WYLAND Art Conservation
Internationally renowned marine life artist Wyland is one of the most celebrated and recognized artists of our time. An innovative painter, sculpture, writer, photographer, philanthropist, and filmmaker, he captured the imagination of people everywhere by completing over one hundred monumental marine life murals around the world from 1981-2008. The project, known as the Whaling Walls, remains one of the largest public arts projects in history and continues to be seen by an estimated one billion people each year..
An avid SCUBA diver and world traveler, the Detroit-born artist has been hailed a “Marine Michaelangelo” by USA Today and recognized for his art and conservation efforts by the United Nations and on the floor of Congress. His giant ocean mural on the convention center in Long Beach, Calif., covering over 3 acres, landed him in the Guinness Book of World Records for the largest mural ever painted. Several years later in recognition of Earth Day, he doubled the size of that mural by completing the largest portrait of the earth on earth on the building’s three-acre roof — in only twenty-four hours. In fact, no artist in history has painted more surface area that today is now measured in acres.
His newest public art project, 100 Monumental Sculptures in 100 Great Cities around the world, includes plans to sculpt all the great whale species, as well as endangered and threatened animals from the IUCN Red List. Ten of these monumental sculptures will be underwater. “My art has always been about art and conservation,” Wyland says. “I was inspired in the early 70s by Green Peace, the first Earth Day, and from watching my hero Jacques Cousteau’s Undersea World television series. I was simply an artist in the right place at the right time in history, and I felt strongly that art could play an important role in bringing attention to environmental issues.”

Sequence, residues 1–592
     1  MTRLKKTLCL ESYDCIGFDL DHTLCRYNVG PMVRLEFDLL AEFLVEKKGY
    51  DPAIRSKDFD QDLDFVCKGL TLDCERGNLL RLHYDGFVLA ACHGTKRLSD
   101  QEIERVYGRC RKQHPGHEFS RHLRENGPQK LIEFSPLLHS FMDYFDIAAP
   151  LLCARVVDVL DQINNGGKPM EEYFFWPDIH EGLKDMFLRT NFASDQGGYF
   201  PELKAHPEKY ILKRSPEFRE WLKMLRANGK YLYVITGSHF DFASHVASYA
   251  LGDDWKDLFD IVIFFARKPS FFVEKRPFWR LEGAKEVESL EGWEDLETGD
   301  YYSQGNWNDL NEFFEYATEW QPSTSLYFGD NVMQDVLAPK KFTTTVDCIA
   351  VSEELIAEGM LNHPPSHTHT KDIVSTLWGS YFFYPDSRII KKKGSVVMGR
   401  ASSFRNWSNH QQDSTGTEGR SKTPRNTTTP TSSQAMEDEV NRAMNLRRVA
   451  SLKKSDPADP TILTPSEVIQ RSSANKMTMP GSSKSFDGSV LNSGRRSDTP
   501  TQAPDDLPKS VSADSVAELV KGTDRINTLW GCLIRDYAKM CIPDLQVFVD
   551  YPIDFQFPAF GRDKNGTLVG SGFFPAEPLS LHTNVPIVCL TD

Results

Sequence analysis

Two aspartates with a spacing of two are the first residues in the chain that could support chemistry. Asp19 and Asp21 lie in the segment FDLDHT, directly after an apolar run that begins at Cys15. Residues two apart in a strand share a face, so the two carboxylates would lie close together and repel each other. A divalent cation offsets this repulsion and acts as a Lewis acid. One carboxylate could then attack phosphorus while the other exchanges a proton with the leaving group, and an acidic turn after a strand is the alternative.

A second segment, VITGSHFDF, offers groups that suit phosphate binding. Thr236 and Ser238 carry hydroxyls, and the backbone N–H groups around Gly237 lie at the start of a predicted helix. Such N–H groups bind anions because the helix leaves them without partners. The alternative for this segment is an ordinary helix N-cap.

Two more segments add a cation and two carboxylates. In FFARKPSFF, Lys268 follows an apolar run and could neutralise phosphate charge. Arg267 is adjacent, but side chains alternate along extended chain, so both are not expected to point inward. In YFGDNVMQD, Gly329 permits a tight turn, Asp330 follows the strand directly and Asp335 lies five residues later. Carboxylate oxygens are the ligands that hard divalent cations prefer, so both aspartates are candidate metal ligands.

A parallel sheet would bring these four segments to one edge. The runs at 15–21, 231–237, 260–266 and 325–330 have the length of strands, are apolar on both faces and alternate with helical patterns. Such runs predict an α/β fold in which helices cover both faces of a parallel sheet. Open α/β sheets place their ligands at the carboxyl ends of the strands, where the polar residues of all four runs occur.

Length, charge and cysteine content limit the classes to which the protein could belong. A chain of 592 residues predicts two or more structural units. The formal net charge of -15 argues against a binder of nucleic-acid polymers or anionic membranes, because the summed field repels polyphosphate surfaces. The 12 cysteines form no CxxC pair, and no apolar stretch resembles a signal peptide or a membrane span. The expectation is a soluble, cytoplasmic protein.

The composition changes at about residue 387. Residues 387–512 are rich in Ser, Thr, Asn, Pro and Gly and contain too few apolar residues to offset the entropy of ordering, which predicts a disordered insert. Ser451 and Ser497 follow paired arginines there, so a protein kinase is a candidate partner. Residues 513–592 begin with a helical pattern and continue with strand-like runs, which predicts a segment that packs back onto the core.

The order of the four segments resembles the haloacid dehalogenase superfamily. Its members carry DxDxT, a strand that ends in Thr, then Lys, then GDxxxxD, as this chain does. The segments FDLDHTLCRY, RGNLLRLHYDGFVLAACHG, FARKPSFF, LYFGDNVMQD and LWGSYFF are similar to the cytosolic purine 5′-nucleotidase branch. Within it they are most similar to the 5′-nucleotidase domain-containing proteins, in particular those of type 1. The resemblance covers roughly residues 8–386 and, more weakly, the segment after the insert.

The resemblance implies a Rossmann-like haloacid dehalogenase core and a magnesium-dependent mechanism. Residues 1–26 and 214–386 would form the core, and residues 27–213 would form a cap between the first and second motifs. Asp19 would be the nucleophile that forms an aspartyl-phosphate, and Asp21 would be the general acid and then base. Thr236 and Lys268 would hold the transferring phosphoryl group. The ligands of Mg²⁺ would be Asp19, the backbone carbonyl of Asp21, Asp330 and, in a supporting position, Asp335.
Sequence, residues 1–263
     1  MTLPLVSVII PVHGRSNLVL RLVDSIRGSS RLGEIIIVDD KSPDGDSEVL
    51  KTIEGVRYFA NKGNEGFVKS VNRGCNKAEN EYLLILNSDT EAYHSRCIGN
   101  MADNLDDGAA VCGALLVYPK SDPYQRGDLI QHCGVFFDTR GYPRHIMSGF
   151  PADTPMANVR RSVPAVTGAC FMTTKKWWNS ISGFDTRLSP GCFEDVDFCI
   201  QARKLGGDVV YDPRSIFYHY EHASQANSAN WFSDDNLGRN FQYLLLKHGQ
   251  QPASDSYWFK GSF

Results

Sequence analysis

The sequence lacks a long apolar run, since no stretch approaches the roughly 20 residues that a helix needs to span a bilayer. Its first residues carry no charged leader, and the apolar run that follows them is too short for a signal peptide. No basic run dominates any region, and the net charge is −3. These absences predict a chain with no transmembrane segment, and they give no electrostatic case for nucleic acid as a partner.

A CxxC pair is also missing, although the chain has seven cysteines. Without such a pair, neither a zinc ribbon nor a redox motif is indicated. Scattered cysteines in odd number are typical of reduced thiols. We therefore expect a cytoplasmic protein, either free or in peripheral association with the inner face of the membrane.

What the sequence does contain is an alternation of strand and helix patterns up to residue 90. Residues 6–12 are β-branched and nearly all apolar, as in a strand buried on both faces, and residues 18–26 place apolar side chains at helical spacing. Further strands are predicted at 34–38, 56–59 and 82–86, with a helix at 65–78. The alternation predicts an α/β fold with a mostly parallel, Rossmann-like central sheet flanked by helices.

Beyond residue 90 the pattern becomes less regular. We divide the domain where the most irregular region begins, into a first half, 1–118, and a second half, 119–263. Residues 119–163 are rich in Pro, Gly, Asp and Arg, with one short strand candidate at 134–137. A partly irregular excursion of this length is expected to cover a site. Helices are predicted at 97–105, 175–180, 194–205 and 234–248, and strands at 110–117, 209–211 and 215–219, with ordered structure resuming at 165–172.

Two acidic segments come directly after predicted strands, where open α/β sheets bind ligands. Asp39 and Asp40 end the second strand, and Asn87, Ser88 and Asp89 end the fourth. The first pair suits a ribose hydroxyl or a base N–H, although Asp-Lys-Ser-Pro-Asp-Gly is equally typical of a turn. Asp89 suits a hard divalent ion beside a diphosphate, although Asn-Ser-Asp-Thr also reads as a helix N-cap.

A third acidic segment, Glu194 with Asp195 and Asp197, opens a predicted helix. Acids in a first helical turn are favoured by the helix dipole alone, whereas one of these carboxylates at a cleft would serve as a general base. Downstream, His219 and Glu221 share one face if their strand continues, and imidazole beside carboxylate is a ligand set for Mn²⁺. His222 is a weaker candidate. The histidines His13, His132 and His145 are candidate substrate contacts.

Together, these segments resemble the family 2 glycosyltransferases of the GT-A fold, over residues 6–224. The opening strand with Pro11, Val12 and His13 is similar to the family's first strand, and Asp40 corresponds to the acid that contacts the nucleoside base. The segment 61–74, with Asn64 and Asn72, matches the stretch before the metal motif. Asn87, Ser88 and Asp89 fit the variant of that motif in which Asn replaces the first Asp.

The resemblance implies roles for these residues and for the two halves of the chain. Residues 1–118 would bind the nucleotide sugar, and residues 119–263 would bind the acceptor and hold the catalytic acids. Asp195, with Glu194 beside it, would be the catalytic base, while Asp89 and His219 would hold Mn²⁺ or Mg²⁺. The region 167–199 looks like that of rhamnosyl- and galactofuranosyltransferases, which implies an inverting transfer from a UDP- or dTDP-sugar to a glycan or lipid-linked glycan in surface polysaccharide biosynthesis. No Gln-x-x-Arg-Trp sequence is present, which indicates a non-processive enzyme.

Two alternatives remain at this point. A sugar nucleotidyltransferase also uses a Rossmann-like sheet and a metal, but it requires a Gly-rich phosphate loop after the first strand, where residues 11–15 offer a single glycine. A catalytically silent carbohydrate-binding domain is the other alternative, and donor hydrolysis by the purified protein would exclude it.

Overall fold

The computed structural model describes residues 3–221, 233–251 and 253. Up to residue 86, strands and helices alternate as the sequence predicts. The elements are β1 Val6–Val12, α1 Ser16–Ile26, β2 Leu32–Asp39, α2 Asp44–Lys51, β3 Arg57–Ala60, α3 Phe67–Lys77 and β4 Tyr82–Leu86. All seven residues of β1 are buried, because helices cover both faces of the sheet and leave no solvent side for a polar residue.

Wyland’s early inspiration grew upon seeing the ocean for the first time during a family visit to Laguna Beach, Calif., in 1971, when he was fourteen years old. The sight of a mother and baby gray whale migrating near the shore eventually inspired him to paint those same two whales on a life-size scale on an adjacent building in 1981. After the completion of the mural, he committed himself to creating one hundred ocean murals around the world as a gift to communities. He painted his 100th Whaling Wall mural in Beijing for the Cultural Olympics as the official artist for the US Olympic team. Today, Wyland art is collected in all fifty states and more than one hundred countries. He founded Wyland Galleries in 1978 with his first studio gallery in Laguna Beach where he lives today, and has influenced numerous traditional and street artists, including L.A.-based O.G. Slick. In 1993, he founded the non-profit Wyland Foundation as part of his continuing effort to inspire millions of people to take action to ensure clean water and a healthy planet through art, science, and conservation. The Wyland Foundation has partnered with the UN for the Wyland World Water Pledge to encourage all seven billion people to be water wise.
Today the artist is one of the most collected and appreciated artists in the world with artwork in museums, corporate collections, private homes and more than 100 countries.
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